President Obama will lay out a vision for his policy toward the Middle East at 11:40 am ET.
Young Egyptians, who famously used Internet services like Facebook and Twitter to launch their recent revolution, turned their focus to Hillary Clinton on Wednesday. They peppered the top U.S. diplomat with skeptical questions about longtime U.S. support for former President Hosni Mubarak and what many felt was its slow embrace of the movement to topple him.
Clinton, taking a personal spin at what she has called “21st Century Statecraft”, fielded a selection of some 6,500 questions that young Egyptians posed through Twitter, Facebook and the Arabic-language website www.masrawy.com — and many reflected deep suspicions about the U.S. role in Egypt.
“My question is: Does America really support democracy? If yes indeed, why the U.S. was late in its support of the Egyptian revolution?” one questioner asked Clinton.
President Barack Obama wasn’t shy about praising his handling of the revolution in Egypt.
“I think history will end up recording that at every juncture in the situation in Egypt that we were on the right side of history,” Obama said at a news conference.
“What we didn’t do was pretend that we could dictate the outcome in Egypt, because we can’t,” he said. So if the United States didn’t dictate the outcome, what did it do?
Even on television from thousands of miles away, the Egyptian revolution was breathtaking. A moment to mark in history.
President Hosni Mubarak gave the protesters an early valentine by stepping down. What had been expected yesterday was surprising today.
President Barack Obama framed the event as one of the monumental examples of peaceful resistance that the world has seen, even though he was talking about the ouster of a strong ally of the United States for the last 30 years.
Might be time for a remake of an old classic film, with a contemporary twist: Mr. Smith gets out of Washington (or should that be Dodge?)
More and more lawmakers are deciding it’s time, enough is enough, see ya. The Number 2 Republican in the Senate, Jon Kyl, today announced he won’t seek reelection next year, with a quaint “my heart says it is time to go.”
While not an elected official, Federal Reserve Governor Kevin Warsh said today he was stepping down from the central bank’s powerful board.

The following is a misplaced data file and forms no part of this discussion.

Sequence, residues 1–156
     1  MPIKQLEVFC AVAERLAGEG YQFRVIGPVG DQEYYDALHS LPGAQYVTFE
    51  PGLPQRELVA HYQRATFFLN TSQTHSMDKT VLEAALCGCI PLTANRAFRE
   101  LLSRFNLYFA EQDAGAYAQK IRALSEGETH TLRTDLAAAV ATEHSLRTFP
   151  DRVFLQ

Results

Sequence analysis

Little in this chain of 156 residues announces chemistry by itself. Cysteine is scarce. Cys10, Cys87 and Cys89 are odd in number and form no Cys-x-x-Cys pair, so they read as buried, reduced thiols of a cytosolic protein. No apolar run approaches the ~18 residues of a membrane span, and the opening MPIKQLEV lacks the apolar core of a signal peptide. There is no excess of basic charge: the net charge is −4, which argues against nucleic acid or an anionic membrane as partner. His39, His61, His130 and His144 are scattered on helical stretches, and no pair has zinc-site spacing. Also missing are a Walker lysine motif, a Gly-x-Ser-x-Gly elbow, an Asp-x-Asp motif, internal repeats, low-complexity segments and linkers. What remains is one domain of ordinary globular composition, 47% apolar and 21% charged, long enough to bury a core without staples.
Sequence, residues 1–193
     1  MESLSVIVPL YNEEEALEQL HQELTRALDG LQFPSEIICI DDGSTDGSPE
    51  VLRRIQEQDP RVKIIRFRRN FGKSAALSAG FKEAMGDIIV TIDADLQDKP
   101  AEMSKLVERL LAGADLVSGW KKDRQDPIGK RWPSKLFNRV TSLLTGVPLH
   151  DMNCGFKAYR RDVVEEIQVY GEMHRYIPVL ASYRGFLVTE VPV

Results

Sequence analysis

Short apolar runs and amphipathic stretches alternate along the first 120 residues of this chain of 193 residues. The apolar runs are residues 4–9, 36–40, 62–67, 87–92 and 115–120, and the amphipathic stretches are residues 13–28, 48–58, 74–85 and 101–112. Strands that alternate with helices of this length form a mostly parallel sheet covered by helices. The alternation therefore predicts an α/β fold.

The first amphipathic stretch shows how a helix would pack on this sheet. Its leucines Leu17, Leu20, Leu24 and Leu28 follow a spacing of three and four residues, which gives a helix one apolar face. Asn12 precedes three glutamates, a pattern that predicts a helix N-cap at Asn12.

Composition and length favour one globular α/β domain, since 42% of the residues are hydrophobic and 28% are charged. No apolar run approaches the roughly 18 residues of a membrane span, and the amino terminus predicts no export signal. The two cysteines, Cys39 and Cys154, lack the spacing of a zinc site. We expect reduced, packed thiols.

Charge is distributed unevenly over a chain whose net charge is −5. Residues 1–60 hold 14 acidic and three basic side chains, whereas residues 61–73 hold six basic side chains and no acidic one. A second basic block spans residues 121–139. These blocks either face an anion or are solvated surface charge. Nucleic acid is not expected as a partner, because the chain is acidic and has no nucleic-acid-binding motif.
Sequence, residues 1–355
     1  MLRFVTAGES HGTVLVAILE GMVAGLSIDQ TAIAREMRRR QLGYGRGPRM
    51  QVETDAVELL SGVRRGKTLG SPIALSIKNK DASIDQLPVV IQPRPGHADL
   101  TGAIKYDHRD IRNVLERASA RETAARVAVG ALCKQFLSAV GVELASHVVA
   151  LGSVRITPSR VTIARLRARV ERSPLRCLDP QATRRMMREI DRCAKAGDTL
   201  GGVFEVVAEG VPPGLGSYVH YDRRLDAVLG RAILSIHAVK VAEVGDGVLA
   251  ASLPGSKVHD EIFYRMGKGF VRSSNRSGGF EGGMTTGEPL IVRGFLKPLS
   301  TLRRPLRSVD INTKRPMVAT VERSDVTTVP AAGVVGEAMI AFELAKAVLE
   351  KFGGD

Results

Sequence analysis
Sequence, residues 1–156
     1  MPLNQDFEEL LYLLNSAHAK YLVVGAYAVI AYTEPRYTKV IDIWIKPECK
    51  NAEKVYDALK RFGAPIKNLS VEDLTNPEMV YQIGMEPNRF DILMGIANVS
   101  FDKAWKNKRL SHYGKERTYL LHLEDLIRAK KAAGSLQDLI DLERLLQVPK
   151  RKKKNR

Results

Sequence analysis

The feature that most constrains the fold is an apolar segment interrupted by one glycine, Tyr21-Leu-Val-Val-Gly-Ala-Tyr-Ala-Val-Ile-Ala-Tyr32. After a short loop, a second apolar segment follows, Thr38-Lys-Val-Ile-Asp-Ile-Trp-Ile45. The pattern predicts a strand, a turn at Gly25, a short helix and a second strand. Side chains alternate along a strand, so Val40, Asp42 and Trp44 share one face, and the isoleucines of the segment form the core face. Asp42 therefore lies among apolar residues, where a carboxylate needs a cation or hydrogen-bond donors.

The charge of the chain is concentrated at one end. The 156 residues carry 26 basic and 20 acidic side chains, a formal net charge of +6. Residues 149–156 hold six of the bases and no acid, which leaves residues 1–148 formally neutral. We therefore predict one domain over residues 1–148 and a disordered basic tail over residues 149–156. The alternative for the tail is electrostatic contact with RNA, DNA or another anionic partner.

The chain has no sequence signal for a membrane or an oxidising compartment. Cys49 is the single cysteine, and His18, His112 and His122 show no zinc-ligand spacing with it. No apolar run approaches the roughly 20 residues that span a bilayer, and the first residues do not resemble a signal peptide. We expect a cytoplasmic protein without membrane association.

The U.S. government strongly supports democratic reforms in the Middle East. Just look at its comments on Egypt. But the American public doesn’t appear to be so gung-ho.
A Reuters/Ipsos poll out today found that a solid majority, 58 percent, believe the United States should be cautious about backing democracy in the Middle East because elections could lead to anti-American Islamist governments.
The biggest opposition group in Egypt is the banned Muslim Brotherhood and President Barack Obama has acknowledged that the group’s ideology included anti-American strains.
It took a while, but the U.S. State Department is now tweeting in Arabic.
With unprecedented political turmoil rocking Egypt and protesters turning to social media such as Twitter and Facebook, the mouthpiece of U.S. foreign policy wants in on the game.
(Translation: “We want to be a part of your conversation!”)
The new State Department Arabic Twitter feed, @USAbilaraby, joins a growing chorus of Twitter feeds describing and commenting on events in Egypt and across the Arab world, where social media is helping to broadcast political ferment.
Frank Wisner created a bit of a diplomatic tempest when he went off message in Munich on Saturday and said Egyptian President Hosni Mubarak should stay in place to oversee the transition. “We need to get a national consensus around the pre-conditions for the next step forward. The president (Mubarak) must stay in office to steer those changes.”
That set the State Department and White House into scramble mode, trying to downplay Wisner’s role, after actually sending him on Jan. 31 to personally deliver a U.S. government message to Mubarak to take more action in response to mass protests.
Administration feathers got so ruffled that the White House tried backpedaling on whether Wisner had actually in fact been an envoy.
Spa treatment or desert retreat?
With so many possible locations from which to choose and no worries about stretching the 401K, where’s an embattled leader to settle in retirement?
Egypt’s Hosni Mubarak has announced he will not run for reelection in September. But protesters who have taken to the streets of Cairo and other Egyptian cities by the thousands are demanding he leave office now.
Mubarak, 82, vows never to flee and says he will die on Egyptian soil.
Think legacy. That’s what President Barack Obama advised Egyptian President Hosni Mubarak.
Obama tried to appeal to Mubarak’s ego and sense of place in history as he pressed for movement on a political transition. “I believe that President Mubarak cares about his country. He is proud, but he is also a patriot,” Obama said.
He didn’t call for the Egyptian leader to immediately step down, but brought up Mubarak’s promise not to run again. “The key question he should be asking himself is how do I leave a legacy behind in which Egypt is able to get through this transformative period?”